Union City police are trying to track down a mysterious man who advertised himself as a spiritual healer but who appears to be a scam artist who has bilked at least $1 million from Bay Area victims with manipulation, magic and promises of riches.
The man, who calls himself “Iqbal” and ran ads in the fall on a South Asian program called “Radio Humsafar” (1200 AM), left his rented Union City home at the end of January.
Victims gave him between $10,000 and $200,000 after they had already met him during free visits in which he swore he would heal the evil sources behind their aches and pains. After winning their trust, he persuaded them to part with thousands more, vowing that he’d give them winning lottery numbers and turn them into multimillionaires, police Lt. Jim Bizieff said.
Since fall, Iqbal has tricked at least 20 people, Union City police say, from San Jose, San Mateo, Millbrae, Hayward, Union City and Newark.
How could people be so gullible?
“I don’t know,” Bizieff said. “I am sure that people who call on him are at a very weak point in their lives. And people like Iqbal prey on that.”
One of those victims is T.J. Bajwa of San Jose, who, like others the Mercury News interviewed, asked that his full name not be used because he’s embarrassed that he lost $70,000 to Iqbal last month.
“I don’t know what he did to my brain,” Bajwa said. “He made me so stupid. I gave him the cash. He has some kind of magic power.”
Annapurna Pandey, a cultural anthropology teacher at San Jose State University, explained that going to a religious healer is quite popular in India even if people go to conventional doctors, too. There’s a belief among many, she said, that even if someone uses Western medicine, spiritual healing can stop the origin of the problem.
“Folk religion, spiritual healing, it’s in the air and in vogue,” Pandey said.
In police statements and interviews with the Mercury News, victims described going to Iqbal’s rented home at 34499 Jasmine Court in Union City between November and January.
Iqbal recited passages from the Koran and said he practiced black magic, or jaadu tona.
Bajwa was seeking Iqbal’s help to cure his wife of arthritis. Iqbal’s first two consultations were free, though Bajwa and others said Iqbal sold them 11 packets of incense-type envelopes for $100 each. The victims were told to burn the packages and in a few weeks, Iqbal would tell them who was cursing their family and causing them troubles.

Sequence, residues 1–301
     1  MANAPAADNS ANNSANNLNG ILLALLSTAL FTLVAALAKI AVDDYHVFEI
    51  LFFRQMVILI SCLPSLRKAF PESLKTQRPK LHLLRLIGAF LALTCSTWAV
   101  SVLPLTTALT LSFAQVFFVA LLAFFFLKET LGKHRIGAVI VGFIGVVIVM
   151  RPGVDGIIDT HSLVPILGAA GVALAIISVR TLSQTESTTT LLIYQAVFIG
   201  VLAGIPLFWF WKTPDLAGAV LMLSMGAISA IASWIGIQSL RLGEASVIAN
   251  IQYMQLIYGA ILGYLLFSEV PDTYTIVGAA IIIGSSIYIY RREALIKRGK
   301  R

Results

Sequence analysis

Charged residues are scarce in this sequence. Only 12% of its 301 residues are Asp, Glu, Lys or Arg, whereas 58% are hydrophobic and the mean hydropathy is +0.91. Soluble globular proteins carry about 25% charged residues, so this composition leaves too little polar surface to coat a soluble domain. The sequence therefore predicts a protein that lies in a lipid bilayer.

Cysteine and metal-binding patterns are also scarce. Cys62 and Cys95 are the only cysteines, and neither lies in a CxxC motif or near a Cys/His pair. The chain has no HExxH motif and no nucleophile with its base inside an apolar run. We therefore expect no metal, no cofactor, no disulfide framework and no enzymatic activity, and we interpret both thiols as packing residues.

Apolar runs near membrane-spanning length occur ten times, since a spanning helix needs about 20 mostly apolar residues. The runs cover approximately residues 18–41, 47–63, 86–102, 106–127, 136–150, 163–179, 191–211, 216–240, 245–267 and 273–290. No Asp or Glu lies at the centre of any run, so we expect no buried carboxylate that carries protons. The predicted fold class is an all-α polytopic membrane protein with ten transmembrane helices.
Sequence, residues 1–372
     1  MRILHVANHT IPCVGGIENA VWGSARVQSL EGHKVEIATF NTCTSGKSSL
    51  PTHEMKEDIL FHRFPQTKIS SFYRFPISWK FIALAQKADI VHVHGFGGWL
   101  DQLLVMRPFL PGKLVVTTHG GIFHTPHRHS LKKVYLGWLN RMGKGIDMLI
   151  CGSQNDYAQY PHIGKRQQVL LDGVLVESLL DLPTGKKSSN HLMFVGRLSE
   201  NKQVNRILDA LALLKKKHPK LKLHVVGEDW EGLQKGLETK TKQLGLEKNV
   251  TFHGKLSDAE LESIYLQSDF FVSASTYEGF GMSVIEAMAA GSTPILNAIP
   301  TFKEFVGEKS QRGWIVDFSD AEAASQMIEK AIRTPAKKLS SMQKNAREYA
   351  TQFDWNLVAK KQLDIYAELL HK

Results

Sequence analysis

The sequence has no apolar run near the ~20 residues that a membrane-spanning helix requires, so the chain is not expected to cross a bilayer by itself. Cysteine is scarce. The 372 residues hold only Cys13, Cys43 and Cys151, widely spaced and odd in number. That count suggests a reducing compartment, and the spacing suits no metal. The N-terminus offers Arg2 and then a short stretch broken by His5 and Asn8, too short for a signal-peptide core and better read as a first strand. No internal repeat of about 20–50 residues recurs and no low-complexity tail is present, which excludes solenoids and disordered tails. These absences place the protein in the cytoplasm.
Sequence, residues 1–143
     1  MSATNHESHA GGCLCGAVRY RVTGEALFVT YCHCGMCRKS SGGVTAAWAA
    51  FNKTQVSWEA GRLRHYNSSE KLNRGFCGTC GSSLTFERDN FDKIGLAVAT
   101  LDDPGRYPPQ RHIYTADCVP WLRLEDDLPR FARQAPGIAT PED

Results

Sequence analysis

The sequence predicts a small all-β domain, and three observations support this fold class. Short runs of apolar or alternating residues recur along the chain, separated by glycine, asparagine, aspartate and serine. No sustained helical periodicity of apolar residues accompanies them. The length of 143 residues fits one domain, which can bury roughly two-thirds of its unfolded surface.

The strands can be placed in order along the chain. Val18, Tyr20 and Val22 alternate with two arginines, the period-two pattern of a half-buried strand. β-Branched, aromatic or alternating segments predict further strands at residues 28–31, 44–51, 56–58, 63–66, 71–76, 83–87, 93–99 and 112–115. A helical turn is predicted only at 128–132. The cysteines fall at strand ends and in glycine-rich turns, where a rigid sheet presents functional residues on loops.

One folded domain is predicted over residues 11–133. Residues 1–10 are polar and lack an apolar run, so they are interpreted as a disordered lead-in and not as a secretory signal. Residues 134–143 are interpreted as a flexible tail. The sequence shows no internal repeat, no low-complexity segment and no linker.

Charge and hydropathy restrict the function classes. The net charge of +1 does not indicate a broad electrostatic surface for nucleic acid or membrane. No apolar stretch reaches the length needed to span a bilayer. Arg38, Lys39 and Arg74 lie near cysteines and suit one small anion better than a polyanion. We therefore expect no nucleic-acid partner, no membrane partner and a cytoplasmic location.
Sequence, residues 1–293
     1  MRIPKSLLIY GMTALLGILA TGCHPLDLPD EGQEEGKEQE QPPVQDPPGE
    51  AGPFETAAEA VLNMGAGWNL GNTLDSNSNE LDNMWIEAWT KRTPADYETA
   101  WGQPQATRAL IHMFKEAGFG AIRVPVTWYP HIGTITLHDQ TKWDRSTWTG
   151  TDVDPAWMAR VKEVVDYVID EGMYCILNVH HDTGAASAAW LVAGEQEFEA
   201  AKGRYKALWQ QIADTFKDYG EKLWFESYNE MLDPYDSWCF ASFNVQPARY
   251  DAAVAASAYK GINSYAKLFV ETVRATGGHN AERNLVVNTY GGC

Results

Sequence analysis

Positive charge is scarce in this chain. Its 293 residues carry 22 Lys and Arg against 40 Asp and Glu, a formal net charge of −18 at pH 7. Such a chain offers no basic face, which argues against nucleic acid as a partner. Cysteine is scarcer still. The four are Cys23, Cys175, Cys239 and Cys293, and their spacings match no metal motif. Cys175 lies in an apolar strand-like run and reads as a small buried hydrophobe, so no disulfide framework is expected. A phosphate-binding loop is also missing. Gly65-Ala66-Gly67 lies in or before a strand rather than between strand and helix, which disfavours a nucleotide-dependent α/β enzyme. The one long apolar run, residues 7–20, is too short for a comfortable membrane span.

But on the third visit, Bajwa and some of the other victims said, the tenor changed. Iqbal talked to them excitedly about helping them win $100 million in the California Lottery. All they had to do was fork over $10,000 in cash for every million they wanted to win. Then, in an unusual request, Iqbal told his victims to buy a dozen eggs. On the victims’ next visit, Iqbal boiled the eggs. Iqbal turned his victims into astounded believers by pulling out from the inside of the boiled eggs tiny pieces of folded paper wrapped in foil. On the slips of paper were numbers and the victims’ names, which Iqbal said were the winning lottery numbers. He promised to tell them when to play the numbers; they just had to be patient.
And so, Bajwa said, he handed Iqbal $75,000, some in cash, some in a cashier’s check, hoping to win $75 million. He said Iqbal told him to contact him on Jan. 24 to figure out when to play the numbers. But when Bajwa called a few days before, he said Iqbal’s voice mail didn’t work. When Bajwa went to Iqbal’s house, no one was there.
Police seek victims
What Bajwa did find was a note on the door from Union City police asking for victims to come forward. Bajwa and others left notes on the doors, too. Now, the victims say they’ve heard of similar scams in Chicago, Houston and New Jersey, and are trying to help police catch Iqbal, who goes by the second name of either “Sirriri,” which means saint, or “Sahab,” which means sir in some Indian languages.
Bizieff said police have only a brief description of the suspect: A cleanshaven Indian man in his mid-30s with dark, short, wavy hair, standing about 5 feet 4, who walks with a limp.
As for evidence, Iqbal asked his victims for cash, though some paid with cashier’s checks or, in the case of V. Den, 62, of San Mateo, who also asked that his full name not be used, took out several credit card loans to give Iqbal money.
Den said he lost $70,000 in the scam. He went to Iqbal to help heal his wife’s chronic headaches. But Den’s wife isn’t any better. And he hasn’t told his grown children about his misery, and now he might have to sell his house to pay back the loans.
Anyone with information about Iqbal should call Union City police at (510) 471-1365.